The stage consisted of a bare dancing floor surrounded by matt black walls. Two of the walls allowed the dancers and music ensemble to climb and stand on platforms on different levels. This added to the atmosphere, particularly when there was activity on the dance floor and movement and sound enamating from the high and low platforms. The light was often on the singer or dancer, but the others were always on stage and appeared as silhouettes.

Although I didn’t listen to the words all the time, some of the songs I found uncomfortable to disturbing. Especially when danced to with such ferocity. It reminded me of the story of The Red Shoes.

I’m pleased that I chose to see the performance of Borrowed Light (programme) although I did not come away with feelings of being entertained. More that I had witnessed a special moment, the amazing result of a collaboration between singers and dancers of an historical event.

festival time

Last night, as a Friend of the Festival, I attended the 2008 Perth Festival Programme launch.

A familiar face was behind the sound desk, but he encouraged us to go up front, as he explained the venue (Perth Convention and Exhibition Centre, Pavilion 1) was not very good for sound.

The welcome to country was particularly moving, with the traditional welcome following a short cycle of didgeridoo playing which was simply amazing. All the speakers were palatable, but you could tell that the audience was getting a little toey in anticipation of the Artistic Director, Shelagh Magadza getting up to show off the upcoming programme.

We had received our printed programme in the post that morning, and together with the displayed excerpts on a big screen and Shelagh Magadza’s commentary, we were keen to book tickets for the 56th Perth International Arts Festival.

Food and drinks were served behind the stage. Walking through an art installation set up at the entrance to the area, it appeared to be screens placed amongst foliage of strappy leaved plants. I don’t know what the film footage shown on the screens were, as I didn’t get to look at it very closely because of the surging throng moving to be fed and watered,

We didn’t book any tickets last night (Friends have preferential booking until Sunday 11 November), but I’ve just come back from uni having visited BOCS at the Octagon Theatre and burned the plastic there. I was able to get seven of the nine sets of tickets. Some of the performances you need to book directly with the Festival office, which is not very clear in the programme.

In addition to a block of festival film tickets, events we have tickets for so far:

We were going to book other performances, but apart from blowing our budget, some performances were on the same night, for example, Murundak and Sonic Youth.

The only thing that has been relatively uninspiring is the graphics associated with the invitations, programme, poster and web site – a couple of figures dressed in black amongst coloured blocks.

December 3 is already marked on the calendar as the beginning of the festival films. Now to get a 2008 calendar so that I can mark up a very busy three weeks starting in February next year.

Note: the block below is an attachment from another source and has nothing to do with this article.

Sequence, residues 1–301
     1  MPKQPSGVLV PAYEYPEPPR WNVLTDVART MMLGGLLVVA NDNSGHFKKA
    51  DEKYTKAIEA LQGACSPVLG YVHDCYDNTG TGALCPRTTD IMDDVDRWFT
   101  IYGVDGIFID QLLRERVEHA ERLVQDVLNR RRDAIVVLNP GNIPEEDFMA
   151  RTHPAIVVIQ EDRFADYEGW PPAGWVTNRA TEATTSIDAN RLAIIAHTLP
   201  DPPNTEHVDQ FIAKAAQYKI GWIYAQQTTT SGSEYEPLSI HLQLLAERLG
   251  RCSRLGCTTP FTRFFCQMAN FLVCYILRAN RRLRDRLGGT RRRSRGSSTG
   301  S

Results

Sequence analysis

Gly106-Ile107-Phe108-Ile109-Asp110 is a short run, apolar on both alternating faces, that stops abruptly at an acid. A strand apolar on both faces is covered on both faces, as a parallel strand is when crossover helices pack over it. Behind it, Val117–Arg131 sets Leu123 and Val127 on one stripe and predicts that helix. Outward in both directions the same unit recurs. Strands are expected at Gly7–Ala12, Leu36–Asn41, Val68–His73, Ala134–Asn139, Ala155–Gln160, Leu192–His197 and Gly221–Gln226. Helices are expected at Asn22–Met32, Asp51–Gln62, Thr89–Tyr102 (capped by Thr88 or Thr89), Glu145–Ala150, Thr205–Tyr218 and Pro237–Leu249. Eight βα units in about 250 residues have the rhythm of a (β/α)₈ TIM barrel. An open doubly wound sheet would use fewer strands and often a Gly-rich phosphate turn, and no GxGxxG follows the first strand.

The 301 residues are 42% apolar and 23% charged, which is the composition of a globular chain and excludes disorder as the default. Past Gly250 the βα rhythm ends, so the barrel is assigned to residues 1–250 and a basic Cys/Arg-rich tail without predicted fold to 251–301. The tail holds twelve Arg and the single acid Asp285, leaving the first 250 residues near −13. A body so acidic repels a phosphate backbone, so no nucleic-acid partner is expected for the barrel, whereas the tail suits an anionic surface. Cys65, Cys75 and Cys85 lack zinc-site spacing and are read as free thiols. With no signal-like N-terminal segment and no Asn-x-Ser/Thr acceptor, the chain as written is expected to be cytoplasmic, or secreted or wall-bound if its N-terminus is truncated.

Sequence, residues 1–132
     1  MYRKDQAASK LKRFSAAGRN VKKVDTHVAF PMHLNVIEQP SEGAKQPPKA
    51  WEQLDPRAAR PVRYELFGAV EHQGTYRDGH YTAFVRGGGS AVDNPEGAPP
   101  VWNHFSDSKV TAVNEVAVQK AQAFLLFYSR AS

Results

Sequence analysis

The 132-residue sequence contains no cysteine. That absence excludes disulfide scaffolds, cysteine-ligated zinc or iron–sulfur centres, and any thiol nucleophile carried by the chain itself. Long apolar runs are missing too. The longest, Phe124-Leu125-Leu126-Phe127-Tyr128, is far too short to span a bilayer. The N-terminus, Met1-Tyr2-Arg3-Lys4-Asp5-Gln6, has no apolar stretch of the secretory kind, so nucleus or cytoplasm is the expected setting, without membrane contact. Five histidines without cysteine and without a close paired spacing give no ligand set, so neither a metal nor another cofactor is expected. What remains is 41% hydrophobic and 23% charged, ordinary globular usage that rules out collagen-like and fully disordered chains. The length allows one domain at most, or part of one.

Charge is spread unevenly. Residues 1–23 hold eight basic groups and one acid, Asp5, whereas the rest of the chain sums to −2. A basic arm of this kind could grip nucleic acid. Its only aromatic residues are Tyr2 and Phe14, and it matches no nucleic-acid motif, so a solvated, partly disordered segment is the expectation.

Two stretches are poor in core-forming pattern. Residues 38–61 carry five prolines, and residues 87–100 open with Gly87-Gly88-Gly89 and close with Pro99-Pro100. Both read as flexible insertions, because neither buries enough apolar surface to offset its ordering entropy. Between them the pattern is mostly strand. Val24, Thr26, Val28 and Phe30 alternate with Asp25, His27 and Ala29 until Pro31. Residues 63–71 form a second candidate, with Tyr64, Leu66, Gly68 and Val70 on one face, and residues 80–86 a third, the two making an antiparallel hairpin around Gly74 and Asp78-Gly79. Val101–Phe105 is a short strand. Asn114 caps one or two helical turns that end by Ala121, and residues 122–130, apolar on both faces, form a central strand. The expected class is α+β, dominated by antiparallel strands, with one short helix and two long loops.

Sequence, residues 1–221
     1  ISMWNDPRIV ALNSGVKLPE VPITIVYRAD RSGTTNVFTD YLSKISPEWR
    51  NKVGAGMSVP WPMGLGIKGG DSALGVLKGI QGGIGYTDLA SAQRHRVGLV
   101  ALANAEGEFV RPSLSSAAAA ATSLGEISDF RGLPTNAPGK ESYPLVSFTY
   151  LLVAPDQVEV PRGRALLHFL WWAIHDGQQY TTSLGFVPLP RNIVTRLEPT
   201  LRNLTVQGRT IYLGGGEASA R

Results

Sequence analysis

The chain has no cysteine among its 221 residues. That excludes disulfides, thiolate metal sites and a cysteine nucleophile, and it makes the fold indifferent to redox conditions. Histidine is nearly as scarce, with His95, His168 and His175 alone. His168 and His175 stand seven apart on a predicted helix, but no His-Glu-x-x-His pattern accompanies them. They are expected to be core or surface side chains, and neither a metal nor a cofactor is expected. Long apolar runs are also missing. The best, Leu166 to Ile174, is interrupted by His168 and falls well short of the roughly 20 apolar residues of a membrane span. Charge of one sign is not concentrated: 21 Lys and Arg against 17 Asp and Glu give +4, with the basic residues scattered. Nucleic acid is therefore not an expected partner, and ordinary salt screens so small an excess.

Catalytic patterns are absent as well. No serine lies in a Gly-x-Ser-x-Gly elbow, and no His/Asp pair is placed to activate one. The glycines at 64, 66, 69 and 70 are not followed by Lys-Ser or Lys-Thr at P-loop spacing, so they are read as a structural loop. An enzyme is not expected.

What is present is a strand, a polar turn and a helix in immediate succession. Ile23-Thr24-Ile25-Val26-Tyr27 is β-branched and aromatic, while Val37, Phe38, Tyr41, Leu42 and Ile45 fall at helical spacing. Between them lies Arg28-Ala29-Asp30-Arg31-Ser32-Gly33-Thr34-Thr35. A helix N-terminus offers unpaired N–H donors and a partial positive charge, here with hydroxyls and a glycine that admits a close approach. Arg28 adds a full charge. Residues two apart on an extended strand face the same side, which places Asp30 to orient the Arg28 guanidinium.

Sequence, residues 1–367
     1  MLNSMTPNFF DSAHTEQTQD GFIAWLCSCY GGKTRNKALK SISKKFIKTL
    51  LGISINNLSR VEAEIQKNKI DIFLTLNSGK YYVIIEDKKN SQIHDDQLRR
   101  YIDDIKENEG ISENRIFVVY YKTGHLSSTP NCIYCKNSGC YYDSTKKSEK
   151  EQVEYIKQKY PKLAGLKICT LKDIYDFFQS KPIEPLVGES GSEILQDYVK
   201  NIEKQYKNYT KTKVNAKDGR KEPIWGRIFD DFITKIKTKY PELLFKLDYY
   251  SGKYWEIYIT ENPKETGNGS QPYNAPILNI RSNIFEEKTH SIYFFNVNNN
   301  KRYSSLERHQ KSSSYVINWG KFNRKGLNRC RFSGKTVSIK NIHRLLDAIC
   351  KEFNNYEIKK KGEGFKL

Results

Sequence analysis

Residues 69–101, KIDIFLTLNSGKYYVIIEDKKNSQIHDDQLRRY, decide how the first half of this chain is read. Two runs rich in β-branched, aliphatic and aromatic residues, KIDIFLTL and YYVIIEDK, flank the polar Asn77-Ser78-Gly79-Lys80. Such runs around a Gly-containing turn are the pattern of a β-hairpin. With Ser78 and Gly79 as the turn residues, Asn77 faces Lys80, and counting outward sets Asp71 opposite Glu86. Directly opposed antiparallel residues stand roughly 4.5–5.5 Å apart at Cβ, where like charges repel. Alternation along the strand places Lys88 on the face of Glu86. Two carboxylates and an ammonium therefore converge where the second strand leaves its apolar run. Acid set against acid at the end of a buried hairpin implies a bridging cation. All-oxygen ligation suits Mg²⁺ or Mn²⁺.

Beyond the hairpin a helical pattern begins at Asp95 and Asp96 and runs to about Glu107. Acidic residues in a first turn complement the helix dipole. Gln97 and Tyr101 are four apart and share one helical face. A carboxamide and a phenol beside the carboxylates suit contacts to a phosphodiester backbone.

real wild life

“In this real wild wild world we have
and there’ll be things that you’ll see
but don’t wanna see
and there’ll be things that you’ll know
but don’t wanna know”

From Ed Kuepper’s Black Ticket Day, released August 1992. As H said, Ed Kuepper could have naively been talking about the internet. Because in 1992, the internet became more accessible as the World Wide Web.

I organised to purchase from 78 Records a CD including “Real Wild Life” as a present for H. Ended up getting “Ed Kuepper sings his greatest hits for you” by Didgeridoo Records.

This would not have happened if H had not discovered “Real Wild Life” on YouTube.

And we will probably buy more songs after seeing them on the internet for free.

wild calligraphy

Last night we saw the Cloud Gate Dance Theatre of Taiwan perform at His Majesty’s Theatre as part of The UWA Perth International Arts Festival. We already knew that driving into the city and parking would be fraught with delays and frustration due to the development of the William Street Underground Platforms. So we caught the bus.

Kuang Chao (‘wild calligraphy’) was the inspiration for Wild Cursive (Cursive III), the conclusion of the Cursive trilogy.

The dance was equisitely executed. The smooth almost fluid movements changed in a heartbeat to angular and hard stances, and sharp tight movements.

From the programme (PDF) I read that the dancers study Tai Chi, meditation, martial arts, Chincese opera movement, modern dance and ballet.

The set could almost be considered an art installation in its self. Drops of white paper (I later found out was rice paper) were lowered and raised at different times and to different heights. Black ink seeped slowly down the paper during the performance creating different patterns, perhaps based on the construction of the paper. The dancers sometimes used these as a backdrop, part of the dance with the movements being back-lit on the paper as dancers moved behind them, or moving behind and around.

The dancers were accompanied by a scoundscape of wind, a sea breaking, foghorns, dripping water, rain, bells, and insects at night. Not all at once though :) The stamps, slaps, and breaths of the dancers were also very much part of the dance.

I can’t remember which sound went with what movement, but I liked best the slow rippling of the dancers bodies and arms. I enjoyed too the sound of the wind and watching the dancers furl and unfurl like leaves.

Also, like ‘silence’ is considered to be beats of music, this dance company demonstrates that ‘still’ is movement.

They certainly earned an appreciative audience in Perth from what I saw.